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Central City Desperate for EMS Volunteers
CENTRAL CITY, IA (CBS2/FOX28) -- How much time are you willing to wait for an ambulance to show up in an emergency?
That is the question that volunteers with the Northeast Linn Ambulance Service are asking, as they deal with a shortage of volunteers and are unable to completely staff all of their shifts. They say the shortage puts people's lives at risk.
"We have such a shortage of man power. We need more people. The ones that are one are getting so burnt out," said volunteer Linda Lengel.
When that happens, and there aren't volunteers available for a shift, Linn County has to call in an ambulance from a nearby town like Anamosa or Manchester, often adding 30 minutes to the ambulance crew's response time. EMT Rick Naaktgborne said that cuts into the "golden hour" -- the first 60 minutes of an emergency, when responders have the best chance of saving someone's life.
That adds a significant amount of stress to the job, Naaktgborne said.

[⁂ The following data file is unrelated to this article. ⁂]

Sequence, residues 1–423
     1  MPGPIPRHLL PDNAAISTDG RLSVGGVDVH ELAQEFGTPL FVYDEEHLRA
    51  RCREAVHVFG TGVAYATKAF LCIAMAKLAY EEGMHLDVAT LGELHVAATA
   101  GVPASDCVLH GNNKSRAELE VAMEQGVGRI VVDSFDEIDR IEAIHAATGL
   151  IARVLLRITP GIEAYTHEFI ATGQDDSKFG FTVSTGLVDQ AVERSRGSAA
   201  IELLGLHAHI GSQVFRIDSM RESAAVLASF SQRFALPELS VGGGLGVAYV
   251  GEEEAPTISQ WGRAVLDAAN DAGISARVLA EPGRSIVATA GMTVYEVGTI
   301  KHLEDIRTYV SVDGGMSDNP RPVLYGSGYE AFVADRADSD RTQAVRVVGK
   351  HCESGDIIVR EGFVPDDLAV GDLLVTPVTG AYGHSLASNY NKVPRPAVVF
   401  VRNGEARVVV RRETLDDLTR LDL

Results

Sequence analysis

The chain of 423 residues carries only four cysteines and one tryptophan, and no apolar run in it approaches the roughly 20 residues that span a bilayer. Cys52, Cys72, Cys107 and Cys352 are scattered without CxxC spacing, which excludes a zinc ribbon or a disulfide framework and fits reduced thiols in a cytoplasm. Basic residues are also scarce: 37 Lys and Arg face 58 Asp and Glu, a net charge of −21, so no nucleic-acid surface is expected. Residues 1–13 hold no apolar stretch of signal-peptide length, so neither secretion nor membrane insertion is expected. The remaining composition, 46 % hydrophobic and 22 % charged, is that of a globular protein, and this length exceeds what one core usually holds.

"In a small community, you're serving people you know. And they count on you," he said.
Naaktgborne first got involved with the ambulance service 25 years ago, after EMTs saved his daughter from drowning. He's hoping other people realize how crucial the service is.
"It makes you think that you need to get involved, and we're having trouble getting people involved. And they're not going to realize it until something tragic happens," he said.
A tragic situation almost happened to Lengel's family this weekend.
"My dad's 79-years-old. He had chest pains the other day. We didn't have a crew," Lengel said.
She said those feelings are scary enough, but they come with a harsher reality. If the ambulance service can't get enough volunteers, it may have to close its doors completely.
"Even with money, if you don't have people, you can't go out the door," Naaktgborne said.
Anyone interested in helping out with the Northeast Linn Ambulance Service is asked to call (319) 438-1772.